Holiness is about how we live together: Don’t reap all your land. Leave some for the poor, AND for the alien; that is, the foreigners, whether there legally or not. Don’t steal, don’t lie, don’t swear falsely by my name, don’t defraud, pay your workers when they are done working, don’t mistreat the deaf or the blind, don’t hate, and this interesting one – you shall reprove your neighbor, or you will incur guilt. Part of our call to holiness is to also ensure your neighbor is living up to the ideal and not letting slide. But, reprove them justly. Don’t take vengeance, or even bear a grudge. Vengeance is God’s prerogative. In fact: love your neighbor as yourself. Jesus quoted that when he summarized the law and the prophets: love God, love your neighbor as yourself. Paul quotes it a number of times, the writer of the letter of James does it. That letter is basically a sermon on this text. James is the one who said, “Faith without works is dead.”
Watching the protests in Egypt this week, and then Yemen, Bahrain, Algeria, Iran, Libya, Syria, Tunisia, Jordan, here in Wisconsin and Eau Claire, the things going on at Grace Lutheran, and then late last night a wire came out that China had cracked down on a call for protests in 13 cities... these events have resonated for me through these Leviticus and Gospel texts as neighbor goes against neighbor. The events going on around us bring alive the words about paying workers, and leaving some crops for the poor and alien, not defrauding, lying, or stealing, not taking vengeance, no eye for an eye, but an offer of the other cheek, and to love one’s neighbor, including one’s enemies, because as Jesus said even tax collectors and gentiles love those who love them, so don’t expect kudos for doing that. No, we are to love those who don’t love us.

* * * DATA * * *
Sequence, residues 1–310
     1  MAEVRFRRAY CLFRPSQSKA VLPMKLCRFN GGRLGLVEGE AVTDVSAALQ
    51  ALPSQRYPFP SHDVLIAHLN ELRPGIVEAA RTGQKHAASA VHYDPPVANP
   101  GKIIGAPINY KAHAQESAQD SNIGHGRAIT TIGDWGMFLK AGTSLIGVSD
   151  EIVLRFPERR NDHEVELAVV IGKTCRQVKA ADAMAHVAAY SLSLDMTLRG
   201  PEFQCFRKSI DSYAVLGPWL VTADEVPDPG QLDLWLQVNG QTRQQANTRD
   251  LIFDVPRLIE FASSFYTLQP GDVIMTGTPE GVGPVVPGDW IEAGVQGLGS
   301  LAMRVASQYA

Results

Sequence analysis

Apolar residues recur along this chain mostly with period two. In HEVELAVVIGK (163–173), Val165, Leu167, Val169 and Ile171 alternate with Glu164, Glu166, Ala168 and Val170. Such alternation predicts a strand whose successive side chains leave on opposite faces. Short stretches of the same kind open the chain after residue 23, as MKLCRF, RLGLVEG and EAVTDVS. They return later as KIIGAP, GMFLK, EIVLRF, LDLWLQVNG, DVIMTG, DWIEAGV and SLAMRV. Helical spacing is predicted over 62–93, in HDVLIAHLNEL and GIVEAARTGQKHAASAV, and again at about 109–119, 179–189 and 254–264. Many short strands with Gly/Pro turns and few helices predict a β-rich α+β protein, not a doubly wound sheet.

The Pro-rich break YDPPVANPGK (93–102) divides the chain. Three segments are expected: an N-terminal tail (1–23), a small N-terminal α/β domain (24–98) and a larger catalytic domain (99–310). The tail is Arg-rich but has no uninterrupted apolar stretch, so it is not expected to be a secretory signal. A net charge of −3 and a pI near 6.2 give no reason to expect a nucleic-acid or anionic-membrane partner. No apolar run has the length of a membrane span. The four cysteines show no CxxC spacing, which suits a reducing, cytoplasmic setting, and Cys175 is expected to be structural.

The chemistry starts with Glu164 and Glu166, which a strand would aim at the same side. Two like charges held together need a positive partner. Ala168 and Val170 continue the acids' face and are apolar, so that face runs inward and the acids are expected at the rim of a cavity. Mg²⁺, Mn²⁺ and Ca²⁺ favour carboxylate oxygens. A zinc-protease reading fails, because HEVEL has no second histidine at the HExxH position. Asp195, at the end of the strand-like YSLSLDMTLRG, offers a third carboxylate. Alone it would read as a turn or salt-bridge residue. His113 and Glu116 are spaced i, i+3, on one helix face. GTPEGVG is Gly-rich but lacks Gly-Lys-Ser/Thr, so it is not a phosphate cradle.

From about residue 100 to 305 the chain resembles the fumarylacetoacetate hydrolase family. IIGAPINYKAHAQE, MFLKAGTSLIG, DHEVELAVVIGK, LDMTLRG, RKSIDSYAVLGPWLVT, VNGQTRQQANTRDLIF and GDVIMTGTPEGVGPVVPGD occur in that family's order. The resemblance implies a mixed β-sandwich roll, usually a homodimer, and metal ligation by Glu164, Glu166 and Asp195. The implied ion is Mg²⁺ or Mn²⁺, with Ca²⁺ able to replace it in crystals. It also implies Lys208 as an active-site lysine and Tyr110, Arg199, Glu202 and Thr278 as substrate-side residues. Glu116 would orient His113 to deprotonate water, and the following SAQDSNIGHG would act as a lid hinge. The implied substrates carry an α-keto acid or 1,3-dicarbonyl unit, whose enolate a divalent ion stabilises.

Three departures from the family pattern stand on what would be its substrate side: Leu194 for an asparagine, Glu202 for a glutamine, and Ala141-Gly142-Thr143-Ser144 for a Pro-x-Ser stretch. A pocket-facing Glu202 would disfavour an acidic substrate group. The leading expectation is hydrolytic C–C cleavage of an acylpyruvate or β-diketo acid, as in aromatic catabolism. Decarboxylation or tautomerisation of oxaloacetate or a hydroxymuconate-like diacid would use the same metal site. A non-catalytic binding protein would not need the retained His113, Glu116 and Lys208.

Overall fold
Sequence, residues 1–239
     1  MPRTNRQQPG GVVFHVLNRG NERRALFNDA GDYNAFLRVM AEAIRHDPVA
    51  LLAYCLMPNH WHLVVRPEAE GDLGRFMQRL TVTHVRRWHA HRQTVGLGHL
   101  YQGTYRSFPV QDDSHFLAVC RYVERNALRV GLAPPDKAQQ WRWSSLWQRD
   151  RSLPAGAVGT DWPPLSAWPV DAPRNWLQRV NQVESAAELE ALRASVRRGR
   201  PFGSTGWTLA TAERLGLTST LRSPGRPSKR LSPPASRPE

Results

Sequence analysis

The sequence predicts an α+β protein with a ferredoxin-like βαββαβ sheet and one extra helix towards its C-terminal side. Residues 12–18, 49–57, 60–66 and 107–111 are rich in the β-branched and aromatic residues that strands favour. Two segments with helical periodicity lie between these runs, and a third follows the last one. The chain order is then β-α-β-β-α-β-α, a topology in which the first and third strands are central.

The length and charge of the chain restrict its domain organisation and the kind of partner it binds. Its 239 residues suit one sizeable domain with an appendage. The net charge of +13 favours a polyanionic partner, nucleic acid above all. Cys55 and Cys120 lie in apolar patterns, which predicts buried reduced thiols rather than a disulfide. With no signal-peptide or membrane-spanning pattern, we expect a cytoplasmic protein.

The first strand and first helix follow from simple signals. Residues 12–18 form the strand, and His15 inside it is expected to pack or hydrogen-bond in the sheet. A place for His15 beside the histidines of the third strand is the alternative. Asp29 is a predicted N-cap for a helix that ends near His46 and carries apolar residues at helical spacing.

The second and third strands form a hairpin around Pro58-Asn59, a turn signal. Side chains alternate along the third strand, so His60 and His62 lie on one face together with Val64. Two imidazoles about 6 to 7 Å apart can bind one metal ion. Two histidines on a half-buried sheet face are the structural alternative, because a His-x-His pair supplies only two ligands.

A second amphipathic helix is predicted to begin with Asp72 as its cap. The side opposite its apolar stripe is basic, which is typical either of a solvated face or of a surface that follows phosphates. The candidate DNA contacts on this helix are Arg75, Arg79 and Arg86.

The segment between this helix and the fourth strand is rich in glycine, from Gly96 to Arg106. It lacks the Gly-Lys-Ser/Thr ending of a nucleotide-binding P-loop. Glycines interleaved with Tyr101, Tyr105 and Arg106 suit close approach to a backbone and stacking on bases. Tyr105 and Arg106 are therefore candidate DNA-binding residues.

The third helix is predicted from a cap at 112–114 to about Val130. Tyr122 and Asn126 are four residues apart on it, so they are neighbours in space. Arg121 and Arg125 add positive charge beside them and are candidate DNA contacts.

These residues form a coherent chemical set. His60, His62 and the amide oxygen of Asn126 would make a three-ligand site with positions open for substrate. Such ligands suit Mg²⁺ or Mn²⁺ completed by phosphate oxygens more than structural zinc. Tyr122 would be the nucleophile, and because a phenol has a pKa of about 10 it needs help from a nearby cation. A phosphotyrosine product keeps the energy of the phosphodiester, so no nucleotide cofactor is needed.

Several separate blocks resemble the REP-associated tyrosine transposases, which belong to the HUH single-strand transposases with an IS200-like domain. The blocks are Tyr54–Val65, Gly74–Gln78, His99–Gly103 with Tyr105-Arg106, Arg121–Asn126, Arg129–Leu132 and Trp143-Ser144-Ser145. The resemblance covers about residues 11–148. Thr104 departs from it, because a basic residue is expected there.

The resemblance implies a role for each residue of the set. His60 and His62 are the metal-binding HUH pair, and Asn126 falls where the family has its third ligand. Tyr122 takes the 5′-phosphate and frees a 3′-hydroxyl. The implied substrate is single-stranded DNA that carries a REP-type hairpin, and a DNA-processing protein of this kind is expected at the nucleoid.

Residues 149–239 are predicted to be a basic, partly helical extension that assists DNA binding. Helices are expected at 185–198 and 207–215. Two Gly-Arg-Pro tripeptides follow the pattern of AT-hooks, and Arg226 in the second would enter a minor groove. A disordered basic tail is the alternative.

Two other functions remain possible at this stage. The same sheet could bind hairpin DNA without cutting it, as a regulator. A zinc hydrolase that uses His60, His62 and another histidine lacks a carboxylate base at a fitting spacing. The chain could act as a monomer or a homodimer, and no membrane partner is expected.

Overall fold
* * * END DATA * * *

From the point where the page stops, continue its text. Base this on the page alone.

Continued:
Jesus calls us to renounce our right to retaliation and vengeance to embrace his way of radical love. We may reprove and judge our neighbor, but justly, honestly and in love. Well, if we don’t feel uncomfortable at that, we might be listening with our translators set to “I don’t want to be challenged.” Which is itself a deceptive translation of “I don’t want to be holy. Good enough is good enough.” But good enough is not good enough. Holiness is to be like God.
Paul said we are to have Christ as our foundation, but we don’t live on the foundation. We build on it the home we intend to live in. The foundation is not the house, but it is the base on which we build walls and windows and doors, the structure of the home. And holiness roofs it. Before we can put in the closets and the kitchen, the bathroom and the bedrooms, we must climb up to the dangerous top from which we might fall but which – if our foundation is sound – we won’t fall from wobbliness of the structure, only our own missteps. We go on the roof to build holiness. because holiness is built only in dangerous places, uncomfortable, potentially harmful places. But once the roof is done, the rest of the house is protected. The furniture can be moved in and the process of living can begin.
And life is what these commands are about. About living in God’s abundance. Leave some grain in the field for the poor and alien, there’s enough. Show justice, refuse to seek vengeance. “Be holy,” says God, “because I am holy.” Jesus said, “Be perfect.” Not as ‘without sin’, though we should try for that, but “perfect” as in complete. To have a solid foundation, a clutter-free home filled with love and hospitality, roofed with holiness, so that the Carls of the world look at your subtitles with satisfaction and say, “Aha! Now that life is a translation of Jesus that isn’t afraid to keep the color and drama!”
Let us pray:
God of holiness, we have heard your word to be holy, too, because we are your people. You give us challenging words and ask to do the impossible: to be like you. Help us, please, to see not the impossibility, but the possibility, to live into the possibility, and be bearers of blessings, trusting that you would not ask us to do anything without giving us what we need to do it: your Holy Spirit, your grace, and your unending love through Jesus Christ. Amen.Tweet